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But minister communication of
Grievingly I think,
Every man, After the hideous storm that follow'd,” was
“ Torwardys this vyage-
" All my land to mortgage.”. Chapman has introduced the same idea into his version of the second Iliad : “ Proud-girle-like, that doth ever beare her dowre upon
her backe." STEEVENS. So, in King John :
“ Rash, inconsiderate, fiery voluntaries,
• To make a hazard of new fortunes here." Again, in Camden's Remains, 1605: “ There was a nobleman merrily conceited, and riotously given, that having lately sold a mannor of an hundred tenements, came ruffling into the court, saying, am not I mighty man, that beare an hundred houses on my backe?” MALONE.
See also Dodsley's Collection of Old Plays, edit. 1780, Vol. V. p. 26; Vol. XII. p. 395. REED.
So also Burton, in his Anatomy of Melancholy : “ 'Tis an ordinary thing to put a thousand oakes, or an hundred oxen, into a sute of apparell, to weare a whole manor on his back.” Edit. 1634, p. 482.
WHALLEY. 1 What did this vanity,
But minister &c.] What effect had this pompous show, but the production of a wretched conclusion. JOHNSOŃ.
After the hideous storm that follow'd, &c.] From Holinshed: “ Monday the xviii. of June was such an hideous storme of wind and weather, that many conjectured it did prognosticate trouble and hatred shortly after to follow between princes."Dr. Warburton has quoted a similar passage from Hall, whom
A thing inspir'd; and, not consulting, broke
Which is budded out;
Is it therefore The ambassador is silenc'd ?3 Nor.
Why, all this business
'Like it your grace,
he calls Shakspeare's author ; but Holinshed, and not Hall, was his author: as is proved here by the words which I have printed in Italicks, which are not found so combined in Hall's Chronicle. This fact is indeed proved by various circumstances. MALONE.
* The ambassador is silenc'd?] Silenc'd for recalled. This being proper to be said of an orator ; and an ambassador or publick minister being called an orator, he applies silenc'd to an ambassador. WARBURTON.
I understand it rather of the French ambassador residing in England, who, by being refused an audience, may be said to be silenc'd. Johnson.
proper title of a peace ;] A fine name of a peace. Ironically. JOHNSON. So, in Macbeth:
stuff! “ This is the very painting of your fear.” STEEVENS.
this business Our reverend cardinal carried.] To carry a business was at this time a current phrase for to conduct or manage it. in this Act:
66 O proper
carry it so, “ To make the scepter his.” Reed.
The state takes notice of the private difference
Enter Cardinal WOLSEY, (the Purse borne before
him,) certain of the Guard, and two Secretaries with Papers. The Cardinal in his Passage fixeth his Eye on BUCKINGHAM, and BUCKINGHAM on him, both full of Disdain,
Wol. The duke of Buckingham's surveyor? ha? Where's his examination? 1 SECR.
Here, so please you. Wol. Is he in person ready? 1 SECR.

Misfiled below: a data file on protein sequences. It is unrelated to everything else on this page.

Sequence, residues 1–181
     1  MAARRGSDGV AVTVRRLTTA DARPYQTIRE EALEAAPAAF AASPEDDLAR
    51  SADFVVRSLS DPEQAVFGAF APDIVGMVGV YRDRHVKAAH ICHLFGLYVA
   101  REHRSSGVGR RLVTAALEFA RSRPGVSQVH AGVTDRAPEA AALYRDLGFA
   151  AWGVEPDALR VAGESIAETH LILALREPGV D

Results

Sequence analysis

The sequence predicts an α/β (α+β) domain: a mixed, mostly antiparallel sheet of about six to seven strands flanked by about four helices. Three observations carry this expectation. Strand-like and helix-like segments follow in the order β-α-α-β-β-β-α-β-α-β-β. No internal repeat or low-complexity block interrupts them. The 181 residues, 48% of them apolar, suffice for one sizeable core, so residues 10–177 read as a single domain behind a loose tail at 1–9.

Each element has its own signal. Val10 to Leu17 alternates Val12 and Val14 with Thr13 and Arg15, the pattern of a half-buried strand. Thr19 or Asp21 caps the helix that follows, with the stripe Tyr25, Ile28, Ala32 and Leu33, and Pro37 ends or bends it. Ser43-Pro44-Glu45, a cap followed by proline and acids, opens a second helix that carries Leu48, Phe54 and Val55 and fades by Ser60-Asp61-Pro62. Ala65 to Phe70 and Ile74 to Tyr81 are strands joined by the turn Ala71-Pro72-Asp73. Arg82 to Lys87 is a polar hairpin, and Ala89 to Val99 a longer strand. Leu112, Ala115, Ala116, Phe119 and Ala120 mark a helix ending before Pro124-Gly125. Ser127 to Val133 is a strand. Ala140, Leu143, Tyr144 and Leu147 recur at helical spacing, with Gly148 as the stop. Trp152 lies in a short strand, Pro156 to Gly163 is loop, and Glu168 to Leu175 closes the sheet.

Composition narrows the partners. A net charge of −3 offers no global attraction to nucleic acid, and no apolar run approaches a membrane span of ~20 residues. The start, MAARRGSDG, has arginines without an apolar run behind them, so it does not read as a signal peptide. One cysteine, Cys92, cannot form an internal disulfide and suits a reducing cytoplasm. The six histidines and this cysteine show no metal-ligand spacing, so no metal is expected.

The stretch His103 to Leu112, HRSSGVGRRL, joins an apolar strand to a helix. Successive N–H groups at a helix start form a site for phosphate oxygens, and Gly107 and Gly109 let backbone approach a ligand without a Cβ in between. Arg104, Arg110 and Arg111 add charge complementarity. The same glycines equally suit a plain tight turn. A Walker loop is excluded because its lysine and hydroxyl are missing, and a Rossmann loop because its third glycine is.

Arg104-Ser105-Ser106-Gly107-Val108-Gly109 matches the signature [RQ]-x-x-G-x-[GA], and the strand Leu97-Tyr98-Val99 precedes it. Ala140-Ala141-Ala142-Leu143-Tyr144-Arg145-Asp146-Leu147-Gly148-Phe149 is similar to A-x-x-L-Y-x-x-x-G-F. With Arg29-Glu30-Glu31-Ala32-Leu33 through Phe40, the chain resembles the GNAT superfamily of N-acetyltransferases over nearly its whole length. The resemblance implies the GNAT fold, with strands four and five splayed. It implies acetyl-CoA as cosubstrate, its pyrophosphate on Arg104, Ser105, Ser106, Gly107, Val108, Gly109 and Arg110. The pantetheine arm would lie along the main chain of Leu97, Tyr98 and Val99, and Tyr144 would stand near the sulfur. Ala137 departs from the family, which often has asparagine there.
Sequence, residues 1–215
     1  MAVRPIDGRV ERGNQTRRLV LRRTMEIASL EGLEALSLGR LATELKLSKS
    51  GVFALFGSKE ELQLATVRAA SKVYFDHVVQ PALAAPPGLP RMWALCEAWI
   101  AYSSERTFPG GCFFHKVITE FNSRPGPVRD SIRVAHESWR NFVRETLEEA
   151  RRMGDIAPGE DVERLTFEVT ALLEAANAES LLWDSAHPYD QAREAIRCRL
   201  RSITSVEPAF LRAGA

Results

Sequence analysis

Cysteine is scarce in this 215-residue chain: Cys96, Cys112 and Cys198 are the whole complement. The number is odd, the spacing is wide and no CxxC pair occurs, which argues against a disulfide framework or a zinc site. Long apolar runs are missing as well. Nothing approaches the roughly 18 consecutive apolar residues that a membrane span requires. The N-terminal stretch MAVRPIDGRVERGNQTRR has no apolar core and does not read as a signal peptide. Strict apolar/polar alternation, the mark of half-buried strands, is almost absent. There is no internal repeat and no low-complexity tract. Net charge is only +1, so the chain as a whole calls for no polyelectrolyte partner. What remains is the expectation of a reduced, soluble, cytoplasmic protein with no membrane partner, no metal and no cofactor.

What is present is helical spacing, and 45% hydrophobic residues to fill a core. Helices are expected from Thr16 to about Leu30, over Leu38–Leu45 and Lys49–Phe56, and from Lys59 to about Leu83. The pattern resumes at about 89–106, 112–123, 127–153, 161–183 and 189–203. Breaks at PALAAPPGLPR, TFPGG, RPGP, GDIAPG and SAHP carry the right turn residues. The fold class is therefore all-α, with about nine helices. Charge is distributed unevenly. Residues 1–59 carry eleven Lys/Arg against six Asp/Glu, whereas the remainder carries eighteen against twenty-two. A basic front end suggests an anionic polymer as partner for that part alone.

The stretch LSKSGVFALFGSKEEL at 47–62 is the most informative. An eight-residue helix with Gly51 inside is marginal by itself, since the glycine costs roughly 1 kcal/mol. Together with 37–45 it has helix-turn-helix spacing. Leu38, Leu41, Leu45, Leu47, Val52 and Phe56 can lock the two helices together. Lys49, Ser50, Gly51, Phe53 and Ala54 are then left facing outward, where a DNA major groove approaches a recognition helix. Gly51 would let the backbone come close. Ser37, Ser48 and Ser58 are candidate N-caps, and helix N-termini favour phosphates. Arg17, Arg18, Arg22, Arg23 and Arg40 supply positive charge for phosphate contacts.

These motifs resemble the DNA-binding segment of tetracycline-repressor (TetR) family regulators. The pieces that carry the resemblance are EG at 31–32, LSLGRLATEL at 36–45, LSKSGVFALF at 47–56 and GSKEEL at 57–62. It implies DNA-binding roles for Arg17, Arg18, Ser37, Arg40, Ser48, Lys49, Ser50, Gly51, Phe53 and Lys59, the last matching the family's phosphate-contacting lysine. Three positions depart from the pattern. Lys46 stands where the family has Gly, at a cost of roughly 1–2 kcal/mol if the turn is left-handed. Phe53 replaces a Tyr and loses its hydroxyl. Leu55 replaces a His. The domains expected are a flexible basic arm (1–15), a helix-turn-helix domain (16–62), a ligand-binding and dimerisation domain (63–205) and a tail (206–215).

Ay, please your grace. Wol. Well, we shall then know more; and
Buckingham Shall lessen this big look.
[Exeunt WOLSEY, and Traine
comes that rock,] To make the rock come, is not very just., JOHNSON.
Buck. This butcher's cur7 is venom-mouth'd,
and I Have not the power to muzzle him; therefore, best Not wake him in his slumber. A beggar's book Out-worths a noble's blood.8 Nor.
What are you chaf'd? Ask God for temperance; that's the applianceonly, Which
disease requires. BUCK.
I read in his looks Matter against me; and his eye
revil'd Me, as his abject object : at this instant He bores me with some trick:9 He's gone to the
king; I'll follow, and out-stare him. NOR.
Stay, my lord,
butcher's cur-] Wolsey is said to have been the son of a butcher. Johnson.
Dr. Grey observes, that when the death of the Duke of Buckingham was reported to the Emperor Charles V. he said, “The first buck of England was worried to death by a butcher's dog." Skelton, whose satire is of the grossest kind, in Why come you not to Court, has the same reflection on the meanness of Cardinal Wolsey's birth :
« For drede of the boucher's dog,
A beggar's book Out-worths a noble's blood.] That is, the literary qualifications of a bookish beggar are more prized than the high descent of hereditary greatness. This is a contemptuous exclamation very naturally put into the mouth of one of the ancient, unlettered, martial nobility. Johnson.
It ought to be remembered that the speaker is afterward pronounced by the King himself a learned gentleman. Ritson.
9 He bores me with some trick :] He stabs or wounds me by some artifice or fiction. Johnson. So, in The Life and Death of Lord Cromwell, 1602: “ One that hath gulld you, that hath bor'd you, sir.”
And let your reason with your choler question
I'll to the king;
Anger is like A full-hot horse ;] So, Massinger, in The Unnatural Combat :
“ Let passion work, and, like a hot-rein'd horse,
“ 'Twill quickly tire itself.” STEEVENS. Again, in our author's Rape of Lucrece : “ Till, like a jade, self-will himself doth tire."
MALONE. -- from a mouth of honour -] I will crush this baseborn fellow, by the due influence of my rank, or say that all distinction of persons is at an end. Johnson.
3 Heat not a furnace &c.] Might not Shakspeare allude to Dan. iii. 22.? « Therefore because the king's commandment was urgent, and the furnace exceeding hot, the flame of fire slew those men that took up Shadrach, Meshac, and Abednego.”